Mentions: For the RDA the variable ‘treatment’ (categorical, 5 levels) was included. Based on the total variance in the dataset, the first RDA axis explained 11% (Table D in S1 File Table; P = 0.005) and represented mostly the ‘straw scattered’ treatment (Fig 5; see also Table E in S1 File—highest absolute value at RDA 1). The second axis accounted for 5% (Table D in S1 File; P = 0.15) of the total variance and was related with the ‘straw mixed in’ treatment (Fig 5; see also Table E in S1 File—highest absolute value at RDA 2). In total, 21% of the variance in the dataset was explained by the four constrained RDA axes. Of this variance 52% was explained by RDA 1 and 24% by RDA 2 (Table D in S1 File). The factor treatment itself had a significant influence on the abundances of aquatic and soil invertebrates (P = 0.02; all results of ANOVA permutation tests are given in Table F in S1 File). Finally, we found no significant relationships between litter mass losses and fauna groups as analyses of co-variance and structural equation models did not reveal direct or indirect interaction effects.


Effects of Residue Management on Decomposition in Irrigated Rice Fields Are Not Related to Changes in the Decomposer Community.

Schmidt A, John K, Arida G, Auge H, Brandl R, Horgan FG, Hotes S, Marquez L, Radermacher N, Settele J, Wolters V, Schädler M - PLoS ONE (2015)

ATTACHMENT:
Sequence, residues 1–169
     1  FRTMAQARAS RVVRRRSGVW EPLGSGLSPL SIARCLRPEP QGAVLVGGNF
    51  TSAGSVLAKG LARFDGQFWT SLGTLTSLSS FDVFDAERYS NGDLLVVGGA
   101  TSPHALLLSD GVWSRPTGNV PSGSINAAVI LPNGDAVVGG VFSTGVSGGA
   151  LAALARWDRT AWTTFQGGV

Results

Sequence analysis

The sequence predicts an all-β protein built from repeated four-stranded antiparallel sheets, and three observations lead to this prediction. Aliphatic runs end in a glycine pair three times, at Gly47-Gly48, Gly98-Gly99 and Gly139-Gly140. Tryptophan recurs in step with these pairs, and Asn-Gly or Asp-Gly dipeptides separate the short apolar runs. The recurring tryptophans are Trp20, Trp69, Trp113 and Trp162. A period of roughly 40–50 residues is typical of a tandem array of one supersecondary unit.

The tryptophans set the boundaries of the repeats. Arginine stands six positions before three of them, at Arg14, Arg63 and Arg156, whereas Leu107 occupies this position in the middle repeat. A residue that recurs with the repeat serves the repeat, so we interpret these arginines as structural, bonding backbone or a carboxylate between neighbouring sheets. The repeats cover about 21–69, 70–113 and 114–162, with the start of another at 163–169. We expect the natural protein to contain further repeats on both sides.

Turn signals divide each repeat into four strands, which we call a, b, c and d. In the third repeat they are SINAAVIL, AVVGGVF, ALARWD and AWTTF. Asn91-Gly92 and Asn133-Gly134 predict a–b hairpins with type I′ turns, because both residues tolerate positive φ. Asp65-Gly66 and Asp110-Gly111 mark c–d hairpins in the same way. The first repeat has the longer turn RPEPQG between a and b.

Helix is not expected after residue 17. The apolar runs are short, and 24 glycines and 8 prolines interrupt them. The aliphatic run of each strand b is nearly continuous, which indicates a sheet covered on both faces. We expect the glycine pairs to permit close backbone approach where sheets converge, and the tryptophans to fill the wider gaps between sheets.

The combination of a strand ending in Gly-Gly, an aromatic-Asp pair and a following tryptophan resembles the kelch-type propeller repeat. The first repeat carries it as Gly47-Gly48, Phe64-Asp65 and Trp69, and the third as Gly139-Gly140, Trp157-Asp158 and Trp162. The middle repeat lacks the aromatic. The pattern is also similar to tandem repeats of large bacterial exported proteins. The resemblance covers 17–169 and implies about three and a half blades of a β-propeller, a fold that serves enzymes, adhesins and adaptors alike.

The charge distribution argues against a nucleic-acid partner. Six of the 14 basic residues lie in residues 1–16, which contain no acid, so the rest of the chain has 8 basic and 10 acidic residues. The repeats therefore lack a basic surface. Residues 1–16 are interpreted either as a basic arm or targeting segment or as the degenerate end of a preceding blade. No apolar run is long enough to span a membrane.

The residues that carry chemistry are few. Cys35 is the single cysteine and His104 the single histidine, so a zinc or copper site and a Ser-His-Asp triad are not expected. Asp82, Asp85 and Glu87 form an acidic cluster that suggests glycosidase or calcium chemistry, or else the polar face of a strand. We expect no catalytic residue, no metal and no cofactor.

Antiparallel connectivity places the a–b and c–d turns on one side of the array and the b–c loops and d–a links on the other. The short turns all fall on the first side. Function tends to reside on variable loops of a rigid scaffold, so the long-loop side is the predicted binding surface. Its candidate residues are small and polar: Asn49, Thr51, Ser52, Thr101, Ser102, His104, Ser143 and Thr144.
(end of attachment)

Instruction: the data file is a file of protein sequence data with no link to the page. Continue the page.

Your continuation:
RDA plot including all lineages.Euclidean distance biplot based on a redundancy analysis (RDA); fauna groups of aquatic and soil samples are represented by their 4-letter-abbreviations (see below); arrows refer to the five levels of the environmental variable ‘treatment’; and site scores are shown with different shapes and colors depending on their treatment affiliation. Axis 1 explains proportionally 11% (P ≤ 0.01) of the variation in the dataset; Axis 2 accounts for 5% (n.s.) of the variation. Abbreviations of animal lineages:aquatic fauna: ACol—Coleoptera Imagos, Anis—Anisoptera Larvae, Anne—Annelida, Brac—Brachycera Larvae, Cera—Ceratopogonidae Larvae, Chir—Chironomidae Larvae, Clad—Cladocera, Cole—Coleoptera Larvae, Cope—Copepoda, Cori—Corixidae, Culi—Culicidae Larvae, divN—Nematocera Larvae (except for Chironomidae and Culicidae), Ephe—Ephemeroptera Larvae, Moll—Mollusca, Nauc—Naucoridae, Nema—Nematoda, Noto—Notonectidae, Ostr—Ostracoda, Plec—Plecoptera Larvae, Zygo—Zygoptera Larvae; soil mesofauna: Acar—Acari, Ench—Enchytraeidae, Rest—remaining (not specified) invertebrates from soil samples; soil nematodes: Acro—Acrobeles spp., Ceph—Cephalobus spp., Pana—Panagrolaimus spp., Plet—Plectus spp. (all bacterial-feeding), Aphe—Aphelenchoides spp. (hyphal-feeding), Dity—Ditylenchus spp. (plant-associated), Heli—Helicotylenchus spp., Hirs—Hirshamanniella spp., Long—Longidorus spp., Prat—Pratylenchus spp. (all plant-feeding), Dory—Dorylaimus spp., Eudo—Eudorylaimus spp., Prod—Prodorylaimus spp. (all omnivorous), Mono—Monochus spp. (predator).